Russian President Vladimir Putin and Saudi Crown Prince Mohammed bin Salman spoke by phone on July 21 and underlined the importance of further cooperation within the OPEC+ group of oil producers, the Kremlin said.

The conversation took place six days after U.S. President Joe Biden visited the prince in Saudi Arabia—highlighting the kingdom’s importance to both Washington and Moscow at a time when Russia's war in Ukraine is roiling global energy markets.

On June 2, OPEC+, which brings together OPEC with other producers led by Russia, agreed a larger-than-expected rise in output, a step welcomed by Biden after the U.S. had called for more supply.

Sources told Reuters that Saudi Arabia consulted closely with Russia before pushing for the production hikes.


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Riyadh wants to keep Russia on board to increase leverage in the oil market, while Moscow gains from being part of OPEC+ at a time when the West is trying to strangle its economy with sanctions over the war.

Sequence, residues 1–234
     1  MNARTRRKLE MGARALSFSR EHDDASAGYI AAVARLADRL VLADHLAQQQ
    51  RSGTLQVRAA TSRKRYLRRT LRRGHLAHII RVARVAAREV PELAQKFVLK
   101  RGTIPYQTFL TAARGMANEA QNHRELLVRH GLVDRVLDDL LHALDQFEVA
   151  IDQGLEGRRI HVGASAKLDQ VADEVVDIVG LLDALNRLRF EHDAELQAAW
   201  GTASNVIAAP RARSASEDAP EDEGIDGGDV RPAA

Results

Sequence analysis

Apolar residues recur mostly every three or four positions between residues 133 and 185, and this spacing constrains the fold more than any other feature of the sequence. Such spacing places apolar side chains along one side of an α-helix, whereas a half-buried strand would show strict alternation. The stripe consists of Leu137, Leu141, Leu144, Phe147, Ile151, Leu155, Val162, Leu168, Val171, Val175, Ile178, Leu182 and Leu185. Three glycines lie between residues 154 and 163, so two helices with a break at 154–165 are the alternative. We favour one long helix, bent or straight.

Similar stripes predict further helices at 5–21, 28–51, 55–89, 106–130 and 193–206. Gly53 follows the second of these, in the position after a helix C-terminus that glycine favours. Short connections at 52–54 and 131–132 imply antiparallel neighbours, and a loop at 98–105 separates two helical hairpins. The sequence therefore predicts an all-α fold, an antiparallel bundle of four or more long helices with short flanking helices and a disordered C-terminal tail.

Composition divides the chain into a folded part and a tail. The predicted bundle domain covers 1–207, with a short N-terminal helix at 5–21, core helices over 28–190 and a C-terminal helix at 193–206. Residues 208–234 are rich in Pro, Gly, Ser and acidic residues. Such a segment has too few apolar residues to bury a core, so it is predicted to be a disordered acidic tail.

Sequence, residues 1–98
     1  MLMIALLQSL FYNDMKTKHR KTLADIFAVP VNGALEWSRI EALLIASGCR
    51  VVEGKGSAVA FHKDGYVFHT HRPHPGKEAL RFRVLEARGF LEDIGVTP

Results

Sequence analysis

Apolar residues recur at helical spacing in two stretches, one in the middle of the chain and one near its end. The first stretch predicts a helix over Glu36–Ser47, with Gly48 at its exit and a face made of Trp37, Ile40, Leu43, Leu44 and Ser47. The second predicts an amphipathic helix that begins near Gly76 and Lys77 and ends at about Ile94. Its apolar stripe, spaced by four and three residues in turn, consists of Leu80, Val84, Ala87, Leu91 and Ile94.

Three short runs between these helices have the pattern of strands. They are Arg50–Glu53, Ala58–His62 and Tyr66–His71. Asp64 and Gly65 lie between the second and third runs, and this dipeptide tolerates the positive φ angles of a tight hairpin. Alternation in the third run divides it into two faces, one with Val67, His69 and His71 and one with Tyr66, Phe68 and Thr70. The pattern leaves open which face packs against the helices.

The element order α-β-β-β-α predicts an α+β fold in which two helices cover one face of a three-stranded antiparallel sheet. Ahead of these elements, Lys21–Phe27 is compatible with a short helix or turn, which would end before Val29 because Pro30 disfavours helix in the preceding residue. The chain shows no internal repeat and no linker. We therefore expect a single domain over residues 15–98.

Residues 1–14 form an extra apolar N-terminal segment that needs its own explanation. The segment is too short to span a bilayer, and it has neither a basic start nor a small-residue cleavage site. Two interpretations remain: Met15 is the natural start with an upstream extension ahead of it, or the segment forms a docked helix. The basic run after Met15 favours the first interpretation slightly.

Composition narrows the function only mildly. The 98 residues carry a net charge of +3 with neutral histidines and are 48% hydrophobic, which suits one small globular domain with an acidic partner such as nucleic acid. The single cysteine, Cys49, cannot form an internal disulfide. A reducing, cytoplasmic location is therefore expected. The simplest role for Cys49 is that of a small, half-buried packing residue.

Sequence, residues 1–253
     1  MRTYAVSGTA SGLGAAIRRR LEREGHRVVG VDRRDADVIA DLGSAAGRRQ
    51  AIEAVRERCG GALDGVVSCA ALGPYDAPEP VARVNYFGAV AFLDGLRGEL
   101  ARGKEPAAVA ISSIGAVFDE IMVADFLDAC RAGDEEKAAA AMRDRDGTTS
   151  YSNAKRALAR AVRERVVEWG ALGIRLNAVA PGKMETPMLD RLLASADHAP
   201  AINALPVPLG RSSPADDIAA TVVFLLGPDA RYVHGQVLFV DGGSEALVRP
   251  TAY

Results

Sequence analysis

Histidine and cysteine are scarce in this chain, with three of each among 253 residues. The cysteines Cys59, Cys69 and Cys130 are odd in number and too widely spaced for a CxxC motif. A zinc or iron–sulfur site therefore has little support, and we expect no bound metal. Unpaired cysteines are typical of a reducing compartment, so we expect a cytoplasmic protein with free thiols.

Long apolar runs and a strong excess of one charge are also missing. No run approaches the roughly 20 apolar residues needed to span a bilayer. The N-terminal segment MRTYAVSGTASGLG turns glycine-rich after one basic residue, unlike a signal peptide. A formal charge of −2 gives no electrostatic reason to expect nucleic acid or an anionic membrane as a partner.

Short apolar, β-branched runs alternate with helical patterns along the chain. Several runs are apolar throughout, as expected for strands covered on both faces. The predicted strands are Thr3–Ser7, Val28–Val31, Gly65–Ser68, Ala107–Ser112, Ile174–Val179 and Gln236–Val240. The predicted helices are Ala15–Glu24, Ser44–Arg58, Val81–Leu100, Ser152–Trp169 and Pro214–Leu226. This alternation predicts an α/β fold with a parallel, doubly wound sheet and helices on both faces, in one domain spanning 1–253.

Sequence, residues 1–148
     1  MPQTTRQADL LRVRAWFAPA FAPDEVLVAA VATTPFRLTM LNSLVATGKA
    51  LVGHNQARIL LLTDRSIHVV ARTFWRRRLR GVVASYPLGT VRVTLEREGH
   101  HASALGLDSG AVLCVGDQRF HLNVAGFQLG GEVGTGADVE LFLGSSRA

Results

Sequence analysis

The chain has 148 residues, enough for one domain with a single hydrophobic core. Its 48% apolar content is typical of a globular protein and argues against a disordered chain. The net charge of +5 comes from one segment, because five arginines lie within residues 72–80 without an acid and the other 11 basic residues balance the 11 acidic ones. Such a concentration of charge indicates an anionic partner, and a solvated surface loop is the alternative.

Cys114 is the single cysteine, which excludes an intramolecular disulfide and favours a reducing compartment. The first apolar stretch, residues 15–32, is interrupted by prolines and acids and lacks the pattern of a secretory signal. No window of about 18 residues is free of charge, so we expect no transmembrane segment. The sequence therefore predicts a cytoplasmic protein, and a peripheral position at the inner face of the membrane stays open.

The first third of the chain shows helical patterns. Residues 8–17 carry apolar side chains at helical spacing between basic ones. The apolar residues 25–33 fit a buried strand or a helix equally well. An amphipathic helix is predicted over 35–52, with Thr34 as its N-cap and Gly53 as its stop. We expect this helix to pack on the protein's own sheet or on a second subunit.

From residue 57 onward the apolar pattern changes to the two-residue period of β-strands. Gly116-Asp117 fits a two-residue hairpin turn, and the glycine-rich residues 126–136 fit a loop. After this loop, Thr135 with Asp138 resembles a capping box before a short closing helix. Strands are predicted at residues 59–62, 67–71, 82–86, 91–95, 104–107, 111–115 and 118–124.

“The current situation on the world oil market was considered in detail. The importance of further coordination within the framework of OPEC+ was emphasized,” the Kremlin said in a readout of the call.

“It was noted with satisfaction that the countries participating in this format are consistently fulfilling their obligations in order to maintain the necessary balance and stability in the global energy market.”

Biden ended his Middle East trip last week without any announcement that the kingdom would raise oil production to bring down fuel prices, which are spurring the highest U.S. inflation in four decades.

Saudi Foreign Minister Prince Faisal bin Farhan Al Saud said oil was not discussed at a U.S.-Arab summit on July 16, and OPEC+ would continue to assess market conditions and do what is necessary. The producer group is due to meet again on Aug. 3.